Artistic statement: Thank you very much for the in-depth articles on downtown Phoenix. ("Exploding Downtown," October 2 and "Jerry's World," October 16) Your special project deserves kudos for bringing to light the many opportunities that the Phoenix metropolitan area has to create a vibrant, creative, and "live-able" downtown.
I saw (and heard) Ray Bradbury speak about 20 years ago, and he summarized many of the key points found in Richard Florida's important book, Rise Of The Creative Class. Mr. Bradbury's definition of civilization was that the quality of the civilization was directly proportional to the number of excellent restaurants a person can walk to within two miles of their front door. He went on to enumerate virtually the same list of lower-case "arts" and "cultural" items that Professor Florida indicates. In Bradbury's condensed and efficient analysis, once you have a critical mass of people living, shopping, eating, and drinking within an area, the artistic, cultural, musical and social benefits appear.
The key to any "creative" space development is to provide the "creative class" with the time to pursue their muse, by providing low-cost living quarters and readily available spaces for them to purvey the objects of their labor, be it art, music, or incredible cuisine. As you so aptly state: "What's hugely missing in downtown Phoenix are enough cafes, bars, coffee houses, lofts, music showcases and retail outlets to form the day-to-day fabric of urban life."
In Paris, Cannes, and other "highly civilized" cities in France, there are up to five brasseries (restaurants) per lineal block of city, with compact housing in abundance. One characteristic of older cities in Europe appears to be that families have owned their residences for several generations, so their "rent" is very low, basically what it cost for upkeep and heating, cooling and cooking necessities. This "low rent" lifestyle makes it possible for "creatives" to hang out in the neighborhood and be creative, because they don't actually need a lot of cash flow to survive. In some European cities, "artists colonies" have been in existence for hundreds of years, providing low-cost living areas and ready-made local markets for one-of-a-kind handmade products. In most of the United States, rents and mortgage payments prohibit the kind of "creative" lifestyle, because artists cannot make enough money from their art to pay their monthly living costs.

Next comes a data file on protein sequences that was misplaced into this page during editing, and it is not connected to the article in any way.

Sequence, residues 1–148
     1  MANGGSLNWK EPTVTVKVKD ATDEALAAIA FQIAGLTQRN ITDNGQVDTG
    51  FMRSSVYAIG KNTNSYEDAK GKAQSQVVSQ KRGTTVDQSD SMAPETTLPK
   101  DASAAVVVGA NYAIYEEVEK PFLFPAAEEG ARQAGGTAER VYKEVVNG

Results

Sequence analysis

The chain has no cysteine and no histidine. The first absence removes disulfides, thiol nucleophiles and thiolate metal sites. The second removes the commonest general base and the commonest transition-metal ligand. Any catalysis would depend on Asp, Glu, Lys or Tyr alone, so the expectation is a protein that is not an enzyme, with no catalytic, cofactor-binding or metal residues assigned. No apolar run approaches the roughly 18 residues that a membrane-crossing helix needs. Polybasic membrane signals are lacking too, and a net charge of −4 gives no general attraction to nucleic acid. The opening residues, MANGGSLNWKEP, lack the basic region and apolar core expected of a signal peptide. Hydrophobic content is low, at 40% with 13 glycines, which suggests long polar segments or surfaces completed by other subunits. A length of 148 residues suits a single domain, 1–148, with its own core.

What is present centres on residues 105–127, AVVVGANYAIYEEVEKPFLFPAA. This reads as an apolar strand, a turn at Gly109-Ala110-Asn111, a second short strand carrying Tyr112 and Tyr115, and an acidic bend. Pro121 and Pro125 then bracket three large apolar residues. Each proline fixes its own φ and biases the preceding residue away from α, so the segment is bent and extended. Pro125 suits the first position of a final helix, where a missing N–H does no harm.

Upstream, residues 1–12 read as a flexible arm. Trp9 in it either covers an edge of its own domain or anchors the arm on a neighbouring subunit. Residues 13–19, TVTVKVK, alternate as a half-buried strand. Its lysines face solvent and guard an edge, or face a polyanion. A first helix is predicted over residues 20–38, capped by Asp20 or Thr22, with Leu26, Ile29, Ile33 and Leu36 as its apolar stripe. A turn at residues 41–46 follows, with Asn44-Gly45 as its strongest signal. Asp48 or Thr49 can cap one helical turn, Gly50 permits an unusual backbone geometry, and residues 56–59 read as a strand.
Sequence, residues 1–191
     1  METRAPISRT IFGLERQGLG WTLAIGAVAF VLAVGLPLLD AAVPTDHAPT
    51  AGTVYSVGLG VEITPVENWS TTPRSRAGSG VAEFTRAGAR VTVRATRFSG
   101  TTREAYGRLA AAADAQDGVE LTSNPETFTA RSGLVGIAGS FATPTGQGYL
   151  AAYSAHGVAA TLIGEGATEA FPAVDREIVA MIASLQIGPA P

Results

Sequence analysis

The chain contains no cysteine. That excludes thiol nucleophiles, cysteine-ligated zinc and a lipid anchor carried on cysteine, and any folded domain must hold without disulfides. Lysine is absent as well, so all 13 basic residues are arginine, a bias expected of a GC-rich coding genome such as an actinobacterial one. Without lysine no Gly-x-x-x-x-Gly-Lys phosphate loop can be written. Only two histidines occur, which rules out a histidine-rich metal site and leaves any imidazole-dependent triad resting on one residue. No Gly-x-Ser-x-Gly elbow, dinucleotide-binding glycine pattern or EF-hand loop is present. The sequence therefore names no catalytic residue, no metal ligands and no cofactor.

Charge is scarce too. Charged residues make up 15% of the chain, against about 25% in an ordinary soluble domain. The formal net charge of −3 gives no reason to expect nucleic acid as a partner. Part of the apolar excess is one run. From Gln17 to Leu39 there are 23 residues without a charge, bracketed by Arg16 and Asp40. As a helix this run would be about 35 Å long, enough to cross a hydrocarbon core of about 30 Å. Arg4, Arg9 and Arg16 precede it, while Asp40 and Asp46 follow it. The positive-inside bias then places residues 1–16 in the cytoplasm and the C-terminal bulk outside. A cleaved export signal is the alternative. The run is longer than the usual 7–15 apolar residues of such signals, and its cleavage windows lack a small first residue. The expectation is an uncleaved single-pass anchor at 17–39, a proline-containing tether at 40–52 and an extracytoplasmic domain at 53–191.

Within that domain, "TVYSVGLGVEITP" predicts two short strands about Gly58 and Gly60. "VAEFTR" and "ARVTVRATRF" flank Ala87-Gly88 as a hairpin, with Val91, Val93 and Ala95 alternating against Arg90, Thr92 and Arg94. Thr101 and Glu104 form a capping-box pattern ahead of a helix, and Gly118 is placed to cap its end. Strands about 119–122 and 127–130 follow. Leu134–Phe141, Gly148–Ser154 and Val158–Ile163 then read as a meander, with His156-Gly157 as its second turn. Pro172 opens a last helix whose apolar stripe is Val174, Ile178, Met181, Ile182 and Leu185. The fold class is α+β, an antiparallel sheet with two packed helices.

The municipal tax structure in Phoenix is against building any kind of "creative class" in a downtown Phoenix urban renewal zone, because what the city really wants are big-bucks yuppies who buy quarter-million-dollar condo "lofts" and, inevitably, drive their Porsches, Mercedes, and BMWs out to the trendy restaurants in Scottsdale to eat and drink.
You can't go back again: Does the Editor of New Times ever read the Letters to the Editor to look at the big picture?
Don't you find it the least bit strange that all six letters included in your October 9 issue all carry the same boring theme that downtown Phoenix stinks? ("Exploding Downtown," October 2) They unanimously agree how downtown Phoenix pales to New York, Minneapolis, Chicago, Detroit, San Francisco, etc.
All six letters were written by people who left those cities to come to Phoenix, and now want to change them to be like what they left.
Don't you find something very strange about that?
Experimenting with downtown: Thanks so much for addressing the downtown issue and spurring the debate by bringing Richard Florida to the Valley.
I recently moved back after 13 years in Minneapolis. It was great to see that city had reversed its course from falling population and property values to the opposite in just that short time. My own hood in "Uptown", the largest urban area outside the downtown, went from formerly redlined to the hottest real estate market in the Twin Cities, where people who bought homes for $80,000 20 years ago were selling them for half a million. The reason was simple: anything you wanted was in walking distance, from the Chain of Lakes, to the best restaurants, nightspots, shops and movie theatres in town, including five coffee shops within as many blocks of my home. And the downtown was a short bus ride away.
Meanwhile, it's truly painful to see the decline of my old hood, south Scottsdale, and the continued decay of vast areas of Phoenix. The current vision of growing endlessly like mold in a petri dish, leaving the core dead and empty, is a failed one, and Phoenix and Scottsdale have unfortunately become textbook examples. But until people decide they've had enough of a dead downtown and urban sprawl and vote accordingly, how can that change?